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New charter school in Boston will be first in city run by KIPP network

Posted by Matt Rocheleau  August 17, 2012 03:00 PM

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A school opening in Boston next week will be the first in the city run by the well-known Knowledge is Power Program, which has established a nationwide network of more than 100 public charter schools.

The KIPP Academy Boston Middle School will welcome its first set of students, 72 fifth-graders, on Monday, officials said.

The school will open at 215 Forest Hills St. in Jamaica Plain, sharing space for now in a building with the MATCH Community Day Charter Public School, which owns the facility and opened a school there last year that is expanding each year.

KIPP Academy Boston hopes to eventually find a permanent home in Mattapan and plans to grow to serve 648 students in grades K-8, Jennifer Parkos, chief development officer of KIPP Massachusetts, said by phone Friday.

There are two other KIPP schools in the state, a middle school and high school in Lynn serving 588 students.

“After a decade of working with kids and families in Lynn and seeing over 80 percent of our founding class matriculate to college we are excited and honored to begin the same journey with these 72 students and families in Boston” said a statement from KIPP Massachusetts director Caleb Dolan.

Christine Barford will be the principal at KIPP Boston, school officials said. She has worked in the KIPP network for seven years, first as a teacher and then as principal of the KIPP Gaston College Preparatory in North Carolina and most recently as a professional instructional coach at KIPP Academy Lynn.

“It has been great to meet every one of our kids’ families before the first day of school.” Barford said in a statement. “We are excited to work with such a diverse group of students with many different learning needs along with other high performing traditional public, and innovative schools in the city of Boston.”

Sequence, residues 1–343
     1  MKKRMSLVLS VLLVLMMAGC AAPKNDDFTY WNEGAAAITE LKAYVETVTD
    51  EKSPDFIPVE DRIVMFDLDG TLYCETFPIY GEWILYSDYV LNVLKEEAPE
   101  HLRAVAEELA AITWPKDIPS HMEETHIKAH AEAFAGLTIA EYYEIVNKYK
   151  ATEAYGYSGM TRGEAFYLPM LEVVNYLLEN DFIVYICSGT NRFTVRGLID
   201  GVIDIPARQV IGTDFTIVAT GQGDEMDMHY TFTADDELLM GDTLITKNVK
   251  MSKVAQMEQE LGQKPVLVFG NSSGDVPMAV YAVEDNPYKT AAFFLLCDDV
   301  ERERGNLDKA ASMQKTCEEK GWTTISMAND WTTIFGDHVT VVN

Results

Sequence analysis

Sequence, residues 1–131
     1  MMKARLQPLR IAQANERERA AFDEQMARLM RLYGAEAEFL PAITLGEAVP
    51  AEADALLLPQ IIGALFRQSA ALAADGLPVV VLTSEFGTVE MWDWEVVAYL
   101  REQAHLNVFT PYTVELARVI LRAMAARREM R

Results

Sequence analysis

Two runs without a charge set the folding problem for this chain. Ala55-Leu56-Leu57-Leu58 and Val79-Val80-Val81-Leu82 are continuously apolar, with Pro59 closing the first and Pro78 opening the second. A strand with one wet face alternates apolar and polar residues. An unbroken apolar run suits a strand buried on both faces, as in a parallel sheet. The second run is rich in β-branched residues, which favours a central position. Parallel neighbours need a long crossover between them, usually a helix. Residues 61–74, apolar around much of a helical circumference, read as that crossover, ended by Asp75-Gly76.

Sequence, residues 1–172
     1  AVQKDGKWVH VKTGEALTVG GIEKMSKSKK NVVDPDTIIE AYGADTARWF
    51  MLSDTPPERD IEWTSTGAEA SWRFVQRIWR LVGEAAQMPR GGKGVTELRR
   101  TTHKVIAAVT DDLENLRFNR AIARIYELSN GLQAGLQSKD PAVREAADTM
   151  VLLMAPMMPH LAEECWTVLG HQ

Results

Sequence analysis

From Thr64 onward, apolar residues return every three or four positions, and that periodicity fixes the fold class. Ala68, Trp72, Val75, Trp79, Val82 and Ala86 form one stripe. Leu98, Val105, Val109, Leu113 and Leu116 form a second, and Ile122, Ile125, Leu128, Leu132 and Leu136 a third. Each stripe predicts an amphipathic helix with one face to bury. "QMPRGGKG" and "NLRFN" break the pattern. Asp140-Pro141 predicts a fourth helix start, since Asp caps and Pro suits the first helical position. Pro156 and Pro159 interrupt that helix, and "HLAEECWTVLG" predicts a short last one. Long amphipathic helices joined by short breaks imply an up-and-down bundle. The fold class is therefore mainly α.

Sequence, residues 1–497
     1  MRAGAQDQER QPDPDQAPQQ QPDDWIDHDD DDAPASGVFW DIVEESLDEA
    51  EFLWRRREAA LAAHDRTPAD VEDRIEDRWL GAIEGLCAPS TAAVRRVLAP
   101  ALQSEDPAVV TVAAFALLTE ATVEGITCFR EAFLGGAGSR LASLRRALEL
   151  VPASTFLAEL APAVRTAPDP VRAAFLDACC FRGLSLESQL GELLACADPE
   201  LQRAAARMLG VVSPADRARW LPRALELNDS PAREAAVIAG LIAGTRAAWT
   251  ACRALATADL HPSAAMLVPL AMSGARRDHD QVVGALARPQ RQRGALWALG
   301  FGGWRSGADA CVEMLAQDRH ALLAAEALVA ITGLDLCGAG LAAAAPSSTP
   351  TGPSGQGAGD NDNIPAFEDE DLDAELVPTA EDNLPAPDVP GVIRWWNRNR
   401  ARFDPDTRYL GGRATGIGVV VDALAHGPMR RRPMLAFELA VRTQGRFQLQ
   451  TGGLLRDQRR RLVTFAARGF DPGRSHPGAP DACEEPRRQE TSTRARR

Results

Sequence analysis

KIPP schools feature longer school days, a longer academic year and focuses its mission on “spending more time in its students’ lives,” officials said.

Teachers regularly visit students’ homes, teach electives and offer homework support until 9 p.m., according to the program. The schools also offer extensive field learning, electives and an alumni program to provide support to current KIPP students.

Nationwide, the college graduation rate for students from low-income communities is 8 percent, while the national graduation rate for students attending KIPP schools is 33 percent, the program said in a press release.

There are 112 KIPP schools in 20 states and Washington D.C. serving 32,000 students, officials said.

By 2019, KIPP Massachusetts hopes to grow to five schools with more than 2,100 students in Boston and Lynn.

The new Boston school is not an in-district charter school. Its founding class was selected through a blind lottery in March, officials said. There are no admissions tests or MCAS score requirements; interested families who live within Boston and have a child of appropriate age may enter in the open lottery each year.

Charter schools operate with greater flexibility than traditional public schools and are meant to develop innovative ways of educating. Every five years, the schools are reviewed by the state’s education department, which determines whether or not to renew a school’s charter.

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